by: Trish Dawson from: Portland, OR
December 05, 2012 1:51 PM
Where is the political, social and economic progress of reform in this decision? Freedom of speech and the right to practice personal forms of religion are cornerstones of freedom and I still boycot all free trade with China as long as China refuses to free Tibetian citzens and political prisoners!


by: bt
December 05, 2012 10:17 AM
"China is a law-abiding country"
I used to live there for four years, believe me; it is NOT!

In Response

by: yy from: china
December 05, 2012 9:03 PM
u r wrong

Featured Videos

Your JavaScript is turned off or you have an old version of Adobe's Flash Player. Get the latest Flash player.
After Decades of Pressure, Luxembourg Drops Bank Secrecy Rulesi
X
October 21, 2014 12:20 AM
European Union finance ministers have reached a breakthrough agreement that will make it more difficult for tax cheats to hide their money. The new legislation, which had been blocked for years by countries with a reputation as tax havens, was approved last week after Luxembourg and Austria agreed to lift their vetoes. But as Mil Arcega reports, it doesn’t mean tax cheats have run out of places to keep their money hidden.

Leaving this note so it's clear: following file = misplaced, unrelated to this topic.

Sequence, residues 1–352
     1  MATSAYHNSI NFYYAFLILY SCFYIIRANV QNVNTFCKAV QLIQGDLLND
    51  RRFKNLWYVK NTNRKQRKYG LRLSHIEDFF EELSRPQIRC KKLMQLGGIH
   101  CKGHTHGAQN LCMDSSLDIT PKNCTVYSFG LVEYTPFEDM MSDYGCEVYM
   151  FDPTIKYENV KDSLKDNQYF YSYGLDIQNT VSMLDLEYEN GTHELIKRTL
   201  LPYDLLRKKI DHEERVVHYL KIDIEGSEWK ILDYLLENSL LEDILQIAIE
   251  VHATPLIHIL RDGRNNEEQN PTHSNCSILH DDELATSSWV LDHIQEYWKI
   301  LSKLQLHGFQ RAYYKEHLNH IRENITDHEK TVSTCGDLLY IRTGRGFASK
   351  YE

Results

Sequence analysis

Video

Video After Decades of Pressure, Luxembourg Drops Bank Secrecy Rules

European Union finance ministers have reached a breakthrough agreement that will make it more difficult for tax cheats to hide their money. The new legislation, which had been blocked for years by countries with a reputation as tax havens, was approved last week after Luxembourg and Austria agreed to lift their vetoes. But as Mil Arcega reports, it doesn’t mean tax cheats have run out of places to keep their money hidden.